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  • Film
  • 4 out of 5 stars
  • Recommended
Photograph: Curzon

Time Out says

4 out of 5 stars

Tune in and let Spanish dream-weaver Lois Patiño take you on a trip through sound and space

If you’re looking for a meditative experience without all the bending and stretching of a yoga class, Samsara is just the immersive ticket. 

Taking its name from the Buddhist philosophy of the cyclical nature of life, death and reincarnation, Spanish filmmaker Lois Patiño takes audiences on a sensory journey. There’s little plot; instead, we follow the soul of an elderly woman called Mon (Simone Milavanh) as it travels from Laos to Zanzibar via our mind’s eye. Patiño offers a laconic stream of consciousness in three parts to engage viewers with cultural and religious traditions that connect the world.

Opening in Laos, the camera slowly pans across a sea of Buddhist monks-in-training, eyes closed in meditation. The syncopated call of an unseen animal can be heard over the hum of crickets and the domestic goings-on in the temple around them. It’s a peaceful and patient soundscape that soothingly soundtracks the monks, in their vibrant orange robes, as they go about their daily routines. 

If you’re looking for a meditative experience without all the bending and stretching of yoga, Samsara is just the ticket 

The cast of non-actors adds to the gentle naturalism of the camerawork, as does the lean dialogue penned by Patino and co-writer Garbiñe Ortega. From two novice monks discussing their choice to study instead of continuing their impoverished lives working in rice fields, to the older women in Zanzibar fretting over luxury hotels polluting the water they farm seaweed in, Samsara is as much an examination of the social and economic effects of international tourism and trade on rural communities as it is an exploration of the metaphysical. The latter manifests hazily when characters enter their subconscious; a shot of one sleeping monk dissolves into vibrant orange and another monk takes the illustrated form of people.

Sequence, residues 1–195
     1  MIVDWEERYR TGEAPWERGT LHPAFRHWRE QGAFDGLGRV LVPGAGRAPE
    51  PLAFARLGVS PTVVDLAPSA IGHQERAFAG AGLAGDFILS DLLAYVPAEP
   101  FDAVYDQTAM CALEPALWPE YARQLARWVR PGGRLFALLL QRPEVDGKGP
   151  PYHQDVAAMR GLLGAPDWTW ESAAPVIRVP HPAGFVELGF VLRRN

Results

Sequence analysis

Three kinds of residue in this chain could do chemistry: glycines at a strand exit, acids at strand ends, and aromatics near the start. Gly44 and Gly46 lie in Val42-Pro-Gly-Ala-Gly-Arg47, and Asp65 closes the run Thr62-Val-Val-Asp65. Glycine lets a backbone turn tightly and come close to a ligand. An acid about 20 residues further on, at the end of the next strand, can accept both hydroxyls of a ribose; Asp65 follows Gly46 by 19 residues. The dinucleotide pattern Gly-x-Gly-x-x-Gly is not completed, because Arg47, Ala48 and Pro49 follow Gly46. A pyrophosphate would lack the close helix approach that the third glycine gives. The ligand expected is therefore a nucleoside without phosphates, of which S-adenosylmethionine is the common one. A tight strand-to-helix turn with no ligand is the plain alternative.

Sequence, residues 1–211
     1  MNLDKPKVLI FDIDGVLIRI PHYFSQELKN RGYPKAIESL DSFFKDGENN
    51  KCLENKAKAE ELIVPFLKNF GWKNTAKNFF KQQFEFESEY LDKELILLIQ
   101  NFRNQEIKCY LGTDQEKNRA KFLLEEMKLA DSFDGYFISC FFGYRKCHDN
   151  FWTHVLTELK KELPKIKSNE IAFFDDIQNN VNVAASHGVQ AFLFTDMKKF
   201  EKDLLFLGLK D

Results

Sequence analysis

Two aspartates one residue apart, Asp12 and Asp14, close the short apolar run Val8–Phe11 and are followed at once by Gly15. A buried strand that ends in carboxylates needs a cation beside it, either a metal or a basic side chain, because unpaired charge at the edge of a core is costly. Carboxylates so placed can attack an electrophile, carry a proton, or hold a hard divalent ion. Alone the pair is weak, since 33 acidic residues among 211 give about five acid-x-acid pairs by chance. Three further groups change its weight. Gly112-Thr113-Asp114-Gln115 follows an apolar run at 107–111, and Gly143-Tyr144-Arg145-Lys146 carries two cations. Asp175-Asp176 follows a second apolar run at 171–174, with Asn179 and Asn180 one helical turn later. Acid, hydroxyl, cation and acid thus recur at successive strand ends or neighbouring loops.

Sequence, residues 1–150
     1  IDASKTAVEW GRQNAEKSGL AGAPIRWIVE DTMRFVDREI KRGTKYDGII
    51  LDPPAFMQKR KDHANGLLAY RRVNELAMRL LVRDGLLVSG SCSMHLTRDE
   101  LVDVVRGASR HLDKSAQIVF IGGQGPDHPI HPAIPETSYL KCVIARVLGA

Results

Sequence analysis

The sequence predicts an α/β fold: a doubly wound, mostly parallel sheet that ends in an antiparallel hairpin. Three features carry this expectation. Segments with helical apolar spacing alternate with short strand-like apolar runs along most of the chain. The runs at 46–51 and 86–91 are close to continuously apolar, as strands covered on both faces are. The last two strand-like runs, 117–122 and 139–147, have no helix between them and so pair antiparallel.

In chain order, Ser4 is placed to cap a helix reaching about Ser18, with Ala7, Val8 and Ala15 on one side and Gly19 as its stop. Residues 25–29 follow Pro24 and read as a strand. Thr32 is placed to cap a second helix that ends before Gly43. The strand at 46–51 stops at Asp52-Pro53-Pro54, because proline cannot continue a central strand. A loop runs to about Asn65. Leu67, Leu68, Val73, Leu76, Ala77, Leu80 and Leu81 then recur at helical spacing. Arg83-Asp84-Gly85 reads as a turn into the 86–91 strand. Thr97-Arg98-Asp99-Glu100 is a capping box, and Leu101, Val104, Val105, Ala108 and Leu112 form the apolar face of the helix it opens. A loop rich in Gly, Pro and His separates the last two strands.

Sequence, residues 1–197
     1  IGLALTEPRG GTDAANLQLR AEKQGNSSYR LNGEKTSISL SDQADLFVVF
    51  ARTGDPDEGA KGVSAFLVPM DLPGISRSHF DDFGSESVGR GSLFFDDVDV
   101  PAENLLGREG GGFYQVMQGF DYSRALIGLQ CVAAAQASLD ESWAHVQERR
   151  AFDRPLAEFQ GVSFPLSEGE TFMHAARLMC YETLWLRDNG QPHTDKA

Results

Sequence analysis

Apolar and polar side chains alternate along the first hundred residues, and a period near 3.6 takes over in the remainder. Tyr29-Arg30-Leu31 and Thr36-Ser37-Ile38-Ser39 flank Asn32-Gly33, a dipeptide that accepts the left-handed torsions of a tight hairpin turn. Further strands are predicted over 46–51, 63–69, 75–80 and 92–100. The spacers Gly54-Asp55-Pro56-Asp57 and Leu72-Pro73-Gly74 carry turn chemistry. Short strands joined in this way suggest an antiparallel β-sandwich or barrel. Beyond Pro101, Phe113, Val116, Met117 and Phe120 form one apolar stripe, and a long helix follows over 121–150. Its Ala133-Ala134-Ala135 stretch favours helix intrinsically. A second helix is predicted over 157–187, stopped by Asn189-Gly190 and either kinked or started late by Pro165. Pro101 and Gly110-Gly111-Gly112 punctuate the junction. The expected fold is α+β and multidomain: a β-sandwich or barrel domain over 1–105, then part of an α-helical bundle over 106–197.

When Amid (Amid Keomany) – a young man who reads to the dying Mon from ‘The Tibetan Book of the Dead’ – closes his eyes, the frame transitions into a ship. It signals the beginning of Mon’s transmigration to Zanzibar where the final act playfully imagines her new life as a goat. For ten minutes, however, Patiño invites you to close your eyes and join her on this soulful voyage. It’s an intense aural exercise challenging you to let go and let the crashing of waves, thunderstorms and rhythmic beats engulf your senses while the flickering lights dance against the blackness of your vision.

In a hectic world of chaos and crisis, Samsara offers a glorious solution: close your eyes to truly open them.

In UK cinemas Jan 26

Hanna Flint
Written by
Hanna Flint

Cast and crew

  • Director:Lois Patiño
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